7

I try to understand event loop of javascript, and I am confused with fetch.

What I know

console.log("1")
Promise.resolve(2)
    .then(data => { console.log(data) })
console.log("3")

The above code executes with results: 1, 3, 2. Since in the first event loop, the engine executes log 1, resolve 2, put then block to micro tasks queue, and log 3, then searches the micro tasks queue and executes log data.

What I am confused

console.log("1")

fetch("some-url")
    .then(data => { console.log(data) })

console.log("3")

After the engine executing log 1, what does it do? Does it immediately execute a HTTP request? If so, does it put the then block to micro task queue? I think it maybe not put the then block to micro task queue, since the data it fetched may not get ready when the current queue is empty and engine starts taking the micro task queue. So how the then block enters micro tasks queue? Does the engine makes a callback to kernel telling it to put the then block into micro tasks queue when response is ready?

If the problem differs in browser and node.js, I prefer the browser answer.

2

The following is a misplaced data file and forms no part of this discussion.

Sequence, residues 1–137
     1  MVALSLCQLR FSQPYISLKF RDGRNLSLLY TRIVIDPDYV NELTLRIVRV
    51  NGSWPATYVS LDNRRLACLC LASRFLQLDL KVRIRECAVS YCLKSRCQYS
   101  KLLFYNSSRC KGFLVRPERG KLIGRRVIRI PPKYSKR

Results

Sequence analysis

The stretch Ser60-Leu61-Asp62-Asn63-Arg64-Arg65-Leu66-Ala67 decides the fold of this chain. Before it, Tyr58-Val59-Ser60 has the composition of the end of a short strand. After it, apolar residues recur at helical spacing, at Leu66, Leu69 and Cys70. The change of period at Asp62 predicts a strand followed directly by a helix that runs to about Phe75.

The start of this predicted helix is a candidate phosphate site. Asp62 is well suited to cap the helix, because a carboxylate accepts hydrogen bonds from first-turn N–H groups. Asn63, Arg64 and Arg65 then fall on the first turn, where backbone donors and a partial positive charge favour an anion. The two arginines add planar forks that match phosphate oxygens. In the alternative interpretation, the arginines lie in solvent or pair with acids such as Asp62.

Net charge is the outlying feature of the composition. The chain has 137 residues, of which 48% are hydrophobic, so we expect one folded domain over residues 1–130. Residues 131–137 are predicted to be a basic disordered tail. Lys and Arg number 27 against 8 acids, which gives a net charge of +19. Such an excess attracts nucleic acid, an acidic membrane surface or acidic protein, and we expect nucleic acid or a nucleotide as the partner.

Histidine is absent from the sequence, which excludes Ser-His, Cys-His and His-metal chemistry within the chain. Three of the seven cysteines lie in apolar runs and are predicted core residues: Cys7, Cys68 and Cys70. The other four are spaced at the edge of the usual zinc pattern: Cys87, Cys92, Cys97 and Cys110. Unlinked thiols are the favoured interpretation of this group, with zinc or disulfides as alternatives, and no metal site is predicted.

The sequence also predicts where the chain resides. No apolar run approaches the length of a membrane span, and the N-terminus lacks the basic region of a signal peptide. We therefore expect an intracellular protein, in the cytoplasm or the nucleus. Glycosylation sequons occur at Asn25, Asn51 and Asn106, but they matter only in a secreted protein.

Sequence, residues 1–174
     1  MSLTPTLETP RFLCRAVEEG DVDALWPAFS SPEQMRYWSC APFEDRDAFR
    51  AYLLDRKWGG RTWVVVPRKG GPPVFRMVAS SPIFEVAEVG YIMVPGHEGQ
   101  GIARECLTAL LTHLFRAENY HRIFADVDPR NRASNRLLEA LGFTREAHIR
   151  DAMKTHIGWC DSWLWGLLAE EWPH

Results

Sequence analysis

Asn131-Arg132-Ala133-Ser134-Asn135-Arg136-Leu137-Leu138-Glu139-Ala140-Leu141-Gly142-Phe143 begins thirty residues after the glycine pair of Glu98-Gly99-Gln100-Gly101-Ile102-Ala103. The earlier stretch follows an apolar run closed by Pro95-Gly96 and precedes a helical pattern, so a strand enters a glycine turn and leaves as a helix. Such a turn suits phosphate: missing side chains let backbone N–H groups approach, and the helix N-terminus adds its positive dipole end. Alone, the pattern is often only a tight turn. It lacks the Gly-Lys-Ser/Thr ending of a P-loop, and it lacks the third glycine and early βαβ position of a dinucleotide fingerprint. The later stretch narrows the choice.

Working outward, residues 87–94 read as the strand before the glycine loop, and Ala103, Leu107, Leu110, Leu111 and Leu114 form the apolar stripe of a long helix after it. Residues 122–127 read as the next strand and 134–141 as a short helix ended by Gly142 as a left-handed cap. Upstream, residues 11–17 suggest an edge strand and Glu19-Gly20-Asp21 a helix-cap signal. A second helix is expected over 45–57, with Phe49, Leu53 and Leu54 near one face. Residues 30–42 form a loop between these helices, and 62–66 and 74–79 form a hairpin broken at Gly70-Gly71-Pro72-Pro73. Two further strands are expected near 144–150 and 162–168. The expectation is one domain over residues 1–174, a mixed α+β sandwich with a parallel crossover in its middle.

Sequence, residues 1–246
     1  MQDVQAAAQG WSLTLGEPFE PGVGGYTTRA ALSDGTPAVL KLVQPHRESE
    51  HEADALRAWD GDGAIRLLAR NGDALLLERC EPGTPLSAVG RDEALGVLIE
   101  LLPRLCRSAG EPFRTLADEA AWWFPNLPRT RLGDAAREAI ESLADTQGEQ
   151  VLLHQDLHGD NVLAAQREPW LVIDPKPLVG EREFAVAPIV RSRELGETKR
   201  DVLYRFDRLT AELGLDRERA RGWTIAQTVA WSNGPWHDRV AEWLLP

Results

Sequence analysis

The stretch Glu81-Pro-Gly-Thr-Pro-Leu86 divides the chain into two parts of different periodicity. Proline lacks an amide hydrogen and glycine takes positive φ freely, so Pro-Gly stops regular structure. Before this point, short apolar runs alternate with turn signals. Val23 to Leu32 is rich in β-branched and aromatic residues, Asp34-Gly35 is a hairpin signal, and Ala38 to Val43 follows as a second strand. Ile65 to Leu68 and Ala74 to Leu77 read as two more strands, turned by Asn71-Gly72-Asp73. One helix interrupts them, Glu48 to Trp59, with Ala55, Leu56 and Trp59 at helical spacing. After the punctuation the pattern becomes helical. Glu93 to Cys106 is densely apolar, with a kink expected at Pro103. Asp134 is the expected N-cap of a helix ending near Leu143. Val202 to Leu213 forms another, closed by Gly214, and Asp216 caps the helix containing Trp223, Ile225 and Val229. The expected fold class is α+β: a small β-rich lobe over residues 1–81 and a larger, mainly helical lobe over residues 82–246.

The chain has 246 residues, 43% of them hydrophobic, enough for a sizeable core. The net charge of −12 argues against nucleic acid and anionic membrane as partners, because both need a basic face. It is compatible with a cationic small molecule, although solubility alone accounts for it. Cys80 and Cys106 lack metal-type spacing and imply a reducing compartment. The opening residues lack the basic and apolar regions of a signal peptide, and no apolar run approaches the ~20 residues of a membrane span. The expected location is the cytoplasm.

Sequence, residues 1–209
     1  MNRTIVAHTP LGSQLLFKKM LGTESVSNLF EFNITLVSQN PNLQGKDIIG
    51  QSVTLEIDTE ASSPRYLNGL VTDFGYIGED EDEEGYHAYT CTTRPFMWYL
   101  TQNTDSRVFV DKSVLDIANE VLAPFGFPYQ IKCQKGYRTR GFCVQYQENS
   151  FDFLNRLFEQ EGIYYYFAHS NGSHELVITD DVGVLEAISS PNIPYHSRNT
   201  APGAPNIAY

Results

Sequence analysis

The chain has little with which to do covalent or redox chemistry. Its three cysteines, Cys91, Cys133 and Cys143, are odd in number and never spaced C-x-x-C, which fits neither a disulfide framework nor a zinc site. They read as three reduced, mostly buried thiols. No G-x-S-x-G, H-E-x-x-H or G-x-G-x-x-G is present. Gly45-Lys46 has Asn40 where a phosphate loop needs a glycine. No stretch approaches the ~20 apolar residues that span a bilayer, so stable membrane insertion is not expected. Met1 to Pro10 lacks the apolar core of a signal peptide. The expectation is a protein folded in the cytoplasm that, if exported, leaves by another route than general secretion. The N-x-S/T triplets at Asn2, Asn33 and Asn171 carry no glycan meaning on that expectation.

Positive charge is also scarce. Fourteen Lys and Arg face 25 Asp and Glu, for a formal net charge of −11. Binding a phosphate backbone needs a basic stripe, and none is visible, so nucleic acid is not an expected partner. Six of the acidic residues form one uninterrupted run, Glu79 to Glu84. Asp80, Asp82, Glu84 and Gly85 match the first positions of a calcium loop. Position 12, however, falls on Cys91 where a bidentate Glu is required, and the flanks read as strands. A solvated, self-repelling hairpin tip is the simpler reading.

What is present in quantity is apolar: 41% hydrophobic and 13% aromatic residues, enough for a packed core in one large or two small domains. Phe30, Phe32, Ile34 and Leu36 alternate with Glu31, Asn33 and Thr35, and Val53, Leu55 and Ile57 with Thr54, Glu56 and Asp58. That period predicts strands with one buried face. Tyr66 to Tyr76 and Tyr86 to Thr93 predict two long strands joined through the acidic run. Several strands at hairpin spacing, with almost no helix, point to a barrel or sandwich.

• I think first all console.log gets printed. It will not wait until fetch returns.
    – xMayank
    Jun 25, 2020 at 1:42
  • @MayankGupta Do you mean the code will terminate after log all before fetch returns? This code is running on browser, so we don't need to worry about it terminating before getting http responses.
    – Evian
    Jun 25, 2020 at 1:48

1 Answer 1

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The fetch method will indeed start a network request immediately, which will get processed "in parallel", i.e outside of the event loop.
When the the request response will be received (not its body, typically the headers), the browser will queue a new task which will only be responsible of resolving that Promise, and thus of queuing its microtask.

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